Ryan h From Australia, joined Aug 2001, 1451 posts, RR: 1 Posted (3 years 7 months 2 weeks 3 days 17 hours ago) and read 3915 times:
This trip came about as an re enactment/commemorative 90th anniversary flight in honour of Harry Butler, a pioneering South Australian pilot from the early 20th century.
On 6 August 1919 he was the first South Australian to fly across Gulf St Vincent from Adelaide to Minlaton on the Yorke Peninsular. He also carried mail on the plane.
Today a De Havilland Tiger Moth will carry a commemorative mailbag to Minlaton and me and others will follow in a Beech 18.
However, the night before I got at phone call that the Beech 18 had developed engine trouble and a substitute aircraft would be organized. So the Beech 18 still eludes me.
Thursday 6 August 2009
Parafield YPPF – Minlaton Airstrip
Piper PA 31-350 VH-IOD
We all arrive at Parafield Airport about 8 AM and await the arrival of the substitute Piper Chieftain.
The Tiger Moth was brought out of the hangar and photos were taken of the aircraft with a banner in front etc.
The Tiger Moth departed before our plane around 9 10.
Tiger Moth and other aircraft seen at Parafield in the morning.
Once that had gone we boarded our plane soon found out some seatbelts were too short!. There was a delay of about half an hour while extenders were found. Thankfully my seatbelt fitted me in the last row of seats and I was not going to move.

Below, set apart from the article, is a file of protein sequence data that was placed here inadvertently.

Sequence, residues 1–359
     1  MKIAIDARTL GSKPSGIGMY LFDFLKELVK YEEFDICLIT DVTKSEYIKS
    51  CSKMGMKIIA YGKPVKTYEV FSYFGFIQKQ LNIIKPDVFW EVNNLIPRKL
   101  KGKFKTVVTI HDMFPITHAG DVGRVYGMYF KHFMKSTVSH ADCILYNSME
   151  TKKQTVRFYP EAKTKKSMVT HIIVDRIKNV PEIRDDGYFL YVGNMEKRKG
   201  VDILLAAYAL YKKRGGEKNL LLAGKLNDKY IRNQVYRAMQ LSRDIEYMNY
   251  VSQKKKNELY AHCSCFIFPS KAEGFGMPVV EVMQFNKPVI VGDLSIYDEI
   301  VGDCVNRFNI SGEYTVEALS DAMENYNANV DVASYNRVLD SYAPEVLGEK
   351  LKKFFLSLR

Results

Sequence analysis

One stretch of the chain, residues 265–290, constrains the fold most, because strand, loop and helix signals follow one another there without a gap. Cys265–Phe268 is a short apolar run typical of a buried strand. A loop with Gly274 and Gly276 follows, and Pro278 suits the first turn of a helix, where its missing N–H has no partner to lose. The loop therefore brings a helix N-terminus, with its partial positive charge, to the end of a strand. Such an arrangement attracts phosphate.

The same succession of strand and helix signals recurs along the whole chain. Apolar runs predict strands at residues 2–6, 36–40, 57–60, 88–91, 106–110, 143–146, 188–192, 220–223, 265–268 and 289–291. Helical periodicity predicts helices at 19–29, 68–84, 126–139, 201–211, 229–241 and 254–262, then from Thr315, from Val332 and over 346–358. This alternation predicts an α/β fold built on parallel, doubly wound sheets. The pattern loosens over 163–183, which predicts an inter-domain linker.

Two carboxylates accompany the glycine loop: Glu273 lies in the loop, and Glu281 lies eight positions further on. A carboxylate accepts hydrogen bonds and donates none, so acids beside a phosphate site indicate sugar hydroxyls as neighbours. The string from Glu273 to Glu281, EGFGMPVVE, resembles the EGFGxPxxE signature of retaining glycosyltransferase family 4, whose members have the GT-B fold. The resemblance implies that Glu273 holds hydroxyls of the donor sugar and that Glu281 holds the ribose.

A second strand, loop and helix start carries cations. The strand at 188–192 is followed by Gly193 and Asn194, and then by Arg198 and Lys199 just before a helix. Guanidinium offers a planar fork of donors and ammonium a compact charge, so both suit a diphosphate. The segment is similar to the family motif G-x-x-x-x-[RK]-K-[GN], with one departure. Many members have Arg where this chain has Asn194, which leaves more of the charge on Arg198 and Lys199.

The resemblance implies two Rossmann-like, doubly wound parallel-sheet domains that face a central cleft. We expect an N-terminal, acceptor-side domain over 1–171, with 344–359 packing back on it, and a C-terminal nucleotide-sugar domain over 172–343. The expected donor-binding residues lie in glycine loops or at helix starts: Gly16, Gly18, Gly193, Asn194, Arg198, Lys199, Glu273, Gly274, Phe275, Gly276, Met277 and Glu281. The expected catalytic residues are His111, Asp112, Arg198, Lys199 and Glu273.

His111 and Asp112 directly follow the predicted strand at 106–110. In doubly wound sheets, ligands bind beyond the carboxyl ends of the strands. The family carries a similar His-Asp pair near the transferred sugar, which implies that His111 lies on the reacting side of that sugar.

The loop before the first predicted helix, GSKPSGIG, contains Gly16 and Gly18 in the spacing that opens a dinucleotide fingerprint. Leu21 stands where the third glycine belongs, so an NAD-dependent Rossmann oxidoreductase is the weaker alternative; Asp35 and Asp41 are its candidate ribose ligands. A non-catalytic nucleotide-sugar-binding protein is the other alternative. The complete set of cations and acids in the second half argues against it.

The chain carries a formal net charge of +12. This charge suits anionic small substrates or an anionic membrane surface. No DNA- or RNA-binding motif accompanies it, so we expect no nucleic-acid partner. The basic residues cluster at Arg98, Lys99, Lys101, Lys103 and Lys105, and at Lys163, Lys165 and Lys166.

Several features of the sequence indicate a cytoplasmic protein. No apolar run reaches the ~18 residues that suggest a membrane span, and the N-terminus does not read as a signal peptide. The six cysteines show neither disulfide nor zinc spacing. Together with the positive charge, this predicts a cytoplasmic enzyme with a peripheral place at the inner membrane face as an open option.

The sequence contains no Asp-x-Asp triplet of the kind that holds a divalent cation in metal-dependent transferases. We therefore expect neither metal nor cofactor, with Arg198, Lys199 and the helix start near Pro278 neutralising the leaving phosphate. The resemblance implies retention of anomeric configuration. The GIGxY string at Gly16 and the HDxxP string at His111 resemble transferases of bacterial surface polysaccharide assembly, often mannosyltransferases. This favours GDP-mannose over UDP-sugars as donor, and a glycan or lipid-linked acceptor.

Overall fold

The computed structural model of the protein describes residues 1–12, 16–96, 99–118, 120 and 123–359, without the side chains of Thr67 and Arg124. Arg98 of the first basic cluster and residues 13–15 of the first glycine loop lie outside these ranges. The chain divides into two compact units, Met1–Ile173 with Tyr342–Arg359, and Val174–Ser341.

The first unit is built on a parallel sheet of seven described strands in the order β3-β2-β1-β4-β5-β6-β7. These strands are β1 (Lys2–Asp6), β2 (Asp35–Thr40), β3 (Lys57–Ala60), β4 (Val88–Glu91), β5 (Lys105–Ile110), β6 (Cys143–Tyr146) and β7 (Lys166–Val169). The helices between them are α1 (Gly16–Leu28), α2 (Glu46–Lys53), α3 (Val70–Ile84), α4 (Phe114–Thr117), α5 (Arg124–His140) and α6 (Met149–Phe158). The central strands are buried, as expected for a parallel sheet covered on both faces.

Once the seatbelts were sorted we finally got going about 9 55.
Takeoff was very rough, one of the roughest takeoffs I have experienced for a while.
Turbulence continued until we crossed the coast and over the water was smooth. Once over the Yorke Peninsular there was a little turbulence until we landed at Minlaton.
After we landed at around 10 41 a Cessna Caravan landed with well known Australian businessman Dick Smith onboard and then a long wait for the Tiger Moth which did not arrive until around 12 30.
The headwinds over Gulf St Vincent caused it to use more fuel than planned so it had to stop to refuel.
The Tiger Moth did not stay long. The mailbag was dropped off and the aircraft left soon after as it was far too windy to stay on the ground.
We were driven into the main township of Minlaton to the Harry Butler Memorial where his restored Bristol Monoplane is kept. Speeches from various people were made. Our group missed some of this as we were still at the airport awaiting the Tiger Moth.
Still windy, but takeoff from Minlaton was not as rough as from Parafield. This time there was a little turbulence over the water, and it got a bit rougher over the land again. Apart from that the flight was uneventful.
Landing back at Parafield was a little bumpy but was not too bad.
Despite the delays and aircraft substitution it was a good day out.